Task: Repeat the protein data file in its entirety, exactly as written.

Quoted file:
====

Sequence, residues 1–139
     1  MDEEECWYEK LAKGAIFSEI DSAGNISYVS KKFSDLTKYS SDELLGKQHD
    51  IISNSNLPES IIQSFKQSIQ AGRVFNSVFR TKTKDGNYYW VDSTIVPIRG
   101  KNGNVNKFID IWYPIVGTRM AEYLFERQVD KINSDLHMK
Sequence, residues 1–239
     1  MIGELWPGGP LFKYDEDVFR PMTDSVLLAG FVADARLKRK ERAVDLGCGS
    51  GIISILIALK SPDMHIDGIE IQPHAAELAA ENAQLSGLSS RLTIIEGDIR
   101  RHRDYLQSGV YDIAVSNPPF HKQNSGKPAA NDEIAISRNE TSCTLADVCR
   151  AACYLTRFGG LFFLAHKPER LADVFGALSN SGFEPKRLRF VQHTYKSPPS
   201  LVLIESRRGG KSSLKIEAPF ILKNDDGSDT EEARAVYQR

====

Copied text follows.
Sequence, residues 1–139
     1  MDEEECWYEK LAKGAIFSEI DSAGNISYVS KKFSDLTKYS SDELLGKQHD
    51  IISNSNLPES IIQSFKQSIQ AGRVFNSVFR TKTKDGNYYW VDSTIVPIRG
   101  KNGNVNKFID IWYPIVGTRM AEYLFERQVD KINSDLHMK
Sequence, residues 1–239
     1  MIGELWPGGP LFKYDEDVFR PMTDSVLLAG FVADARLKRK ERAVDLGCGS
    51  GIISILIALK SPDMHIDGIE IQPHAAELAA ENAQLSGLSS RLTIIEGDIR
   101  RHRDYLQSGV YDIAVSNPPF HKQNSGKPAA NDEIAISRNE TSCTLADVCR
   151  AACYLTRFGG LFFLAHKPER LADVFGALSN SGFEPKRLRF VQHTYKSPPS
   201  LVLIESRRGG KSSLKIEAPF ILKNDDGSDT EEARAVYQR